libsasl2-dev cyrus-sasl-devel OpenLDAP
readline-dev readline-devel buildout
build-essential make buildout
libz-dev which buildout
libssl-dev openssl-devel buildout
-- patch buildout
-- gcc-c++ buildout
libcurl3-dev curl-devel sparql-client and pycurl2
-- redhat-lsb-core init script
libmemcached libmemcached memcached
libmemcached-dev>=0.40 libmemcached-devel>=0.40 memcached
zlib1g-dev zlib-devel memcached
libblas-dev blas-devel eea.similarity
liblapack-dev lapack-devel eea.similarity
gfortran gcc-fortran eea.similarity

Additional info to install git for CentOS:

$ wget
$ wget
$ yum update  git- perl-Git-

How to use EEA-CPB


The steps bellow are DEPRECATED and the NEW WAY of deploying EEA-CPB is via Docker using our dedicated Docker image eeacms/kgs

This section will describe the necessarily steps to create a new EEA Plone based buildout. It will document the usage of both development and production buildouts and how to setup and configure the environments.

Please note that by default, when setting up the EEA Plone based buildout, an async operations instance will be be provided. Called ‘www-async’, this instance is responsible for the heavy lifting operations that go on in the background, like pdf generation and so on. These are generally time consuming and this is why a separate instance is designed to take over those operations so that the main instances (www1, www2,…etc) can provide a seamless user experience. In case you are not using packages that require these sorts of operations (like eea.pdf, eea.daviz), you can safely disable the www-async instance by adding the following lines to your buildout:

recipe =

Note that all the commands stated bellow should not be executed root, your local user should be used instead.

Notes regarding using EEA-CPB with python2.7 as a Software Collection

EEA-CPB can be used with python2.7 installed as a Software Collection, but we need to enable the python27 collection prior to setting up the EEA-CPB or trying to manually start/stop the instances generated by the buildout. Enabling the python27 software collection can easily be done by issueing the following command:

$ scl enable python27 bash

After this, all other commands/operations are the same as those for system python 2.7. The init script and the zopesendmail daemon have been adapted to work seamlessly with either system python2.7 and Software Collection python2.7, without any additional step required.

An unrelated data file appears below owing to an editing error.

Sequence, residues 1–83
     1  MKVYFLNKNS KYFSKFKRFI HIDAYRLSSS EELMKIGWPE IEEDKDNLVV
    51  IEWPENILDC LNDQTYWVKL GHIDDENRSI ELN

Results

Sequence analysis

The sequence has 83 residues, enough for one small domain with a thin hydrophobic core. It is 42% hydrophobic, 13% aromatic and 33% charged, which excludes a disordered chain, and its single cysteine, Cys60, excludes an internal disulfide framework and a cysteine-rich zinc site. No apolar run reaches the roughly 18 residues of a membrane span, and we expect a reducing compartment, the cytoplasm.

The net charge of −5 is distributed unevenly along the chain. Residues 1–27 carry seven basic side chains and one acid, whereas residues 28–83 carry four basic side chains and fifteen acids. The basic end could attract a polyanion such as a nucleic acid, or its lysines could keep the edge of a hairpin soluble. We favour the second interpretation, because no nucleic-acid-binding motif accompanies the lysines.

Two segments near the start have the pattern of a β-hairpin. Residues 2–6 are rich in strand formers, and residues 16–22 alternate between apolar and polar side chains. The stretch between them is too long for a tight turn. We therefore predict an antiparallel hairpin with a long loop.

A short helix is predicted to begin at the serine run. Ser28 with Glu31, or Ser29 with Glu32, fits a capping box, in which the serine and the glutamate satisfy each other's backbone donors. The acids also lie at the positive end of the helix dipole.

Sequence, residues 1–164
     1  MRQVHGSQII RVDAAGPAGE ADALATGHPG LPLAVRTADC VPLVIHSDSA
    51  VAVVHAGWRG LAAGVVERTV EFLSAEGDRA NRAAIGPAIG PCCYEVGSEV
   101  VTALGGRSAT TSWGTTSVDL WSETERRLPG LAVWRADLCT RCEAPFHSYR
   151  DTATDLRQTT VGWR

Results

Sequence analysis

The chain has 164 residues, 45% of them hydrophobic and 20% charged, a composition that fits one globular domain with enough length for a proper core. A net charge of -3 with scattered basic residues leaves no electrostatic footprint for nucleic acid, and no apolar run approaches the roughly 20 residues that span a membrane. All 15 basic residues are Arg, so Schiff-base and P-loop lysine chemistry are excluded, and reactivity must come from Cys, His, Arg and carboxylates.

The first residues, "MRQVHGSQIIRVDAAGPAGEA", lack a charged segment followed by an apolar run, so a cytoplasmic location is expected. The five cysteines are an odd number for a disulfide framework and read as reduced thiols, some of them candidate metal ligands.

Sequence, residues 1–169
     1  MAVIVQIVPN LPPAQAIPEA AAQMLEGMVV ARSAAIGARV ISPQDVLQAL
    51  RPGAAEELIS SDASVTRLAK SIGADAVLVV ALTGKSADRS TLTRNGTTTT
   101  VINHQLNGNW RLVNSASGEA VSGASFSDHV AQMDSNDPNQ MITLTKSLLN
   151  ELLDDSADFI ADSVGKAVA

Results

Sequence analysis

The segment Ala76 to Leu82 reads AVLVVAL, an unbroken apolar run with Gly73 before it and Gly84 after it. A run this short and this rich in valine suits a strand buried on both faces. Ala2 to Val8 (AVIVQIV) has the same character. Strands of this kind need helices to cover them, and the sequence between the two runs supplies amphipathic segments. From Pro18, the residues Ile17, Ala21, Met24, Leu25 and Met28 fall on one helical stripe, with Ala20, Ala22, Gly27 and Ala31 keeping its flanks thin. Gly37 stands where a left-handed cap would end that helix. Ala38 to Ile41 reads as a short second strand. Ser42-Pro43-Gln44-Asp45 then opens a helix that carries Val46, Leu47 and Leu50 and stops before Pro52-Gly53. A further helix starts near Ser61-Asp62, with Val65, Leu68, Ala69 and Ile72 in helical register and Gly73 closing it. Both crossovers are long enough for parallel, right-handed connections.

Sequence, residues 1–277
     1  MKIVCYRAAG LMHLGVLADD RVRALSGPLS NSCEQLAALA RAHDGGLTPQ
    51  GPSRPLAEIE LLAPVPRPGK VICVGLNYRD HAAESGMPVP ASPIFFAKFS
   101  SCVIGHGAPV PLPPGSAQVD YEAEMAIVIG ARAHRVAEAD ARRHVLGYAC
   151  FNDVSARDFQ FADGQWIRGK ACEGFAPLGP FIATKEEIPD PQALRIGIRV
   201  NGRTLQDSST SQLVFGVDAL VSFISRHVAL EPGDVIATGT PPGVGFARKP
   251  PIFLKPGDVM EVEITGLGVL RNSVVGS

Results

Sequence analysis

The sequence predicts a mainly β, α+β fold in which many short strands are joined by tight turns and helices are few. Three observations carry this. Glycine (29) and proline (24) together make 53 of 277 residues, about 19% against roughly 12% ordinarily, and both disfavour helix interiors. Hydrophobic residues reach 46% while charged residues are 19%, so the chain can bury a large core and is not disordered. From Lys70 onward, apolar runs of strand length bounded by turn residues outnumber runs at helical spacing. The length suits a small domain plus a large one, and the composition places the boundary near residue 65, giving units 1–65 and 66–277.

More informations about Software Collection can be found at

Step 1: create an EEA Plone based buildout

Under EEA organisation on GitHub can be found an example of how a EEA Plone based buildout should be created, structured and configured, see eea.plonebuildout.example.

Steps to create a new EEA Plone based buildout:

$ git clone eea.plonebuildout.MY-EEA-PORTAL
$ rm -rf ./eea.plonebuildout.MY-EEA-PORTAL/.git

Last step should be to add the new buildout sources under GitHub. To create a new repository under EEA GitHub organisation, one of the administrators should be contact. To do so, login under ‘EEA Taskman’ and add a issue with your request under ‘Common infrastructure’ project.

Once the new GitHub repository was created the sources of the new buildout can be pushed there (e.g. < PORTAL>).

Step 2: EEA-CPB for development

First step on using the EEA-CPB is to setup the specific configuration needed. The list of all configurable settings (e.g. the number of Zope instances, port numbers, database location on file system etc.) can be found under ../eea.plonebuildout.MY-EEA-PORTAL/development.cfg. The [configuration] part contains a comprehensive list of configurable options. The values listed here are the buildout defaults. In order to override any of the settings just uncomment them.

Once the buildout settings were set you have to run a few commands using your local user (this is done on your local machine):

$ git clone
$ cd eea.plonebuildout.MY-EEA-PORTAL
$ ./
$ ./bin/buildout -c development.cfg

To start the application with ZEO/PostgreSQL support:

$ ./bin/zeoserver start
$ ./bin/www1 start
$ ./bin/www-async start

…and without ZEO/PostgreSQL support:

$ ./bin/instance start

Now we will have a running Plone buildout. The development buildout by default install ZEO and three ZEO clients (./bin/www1, ./bin/www2 and ./bin/www- async) plus one Zope instance that can be used without ZEO support (./bin/instance).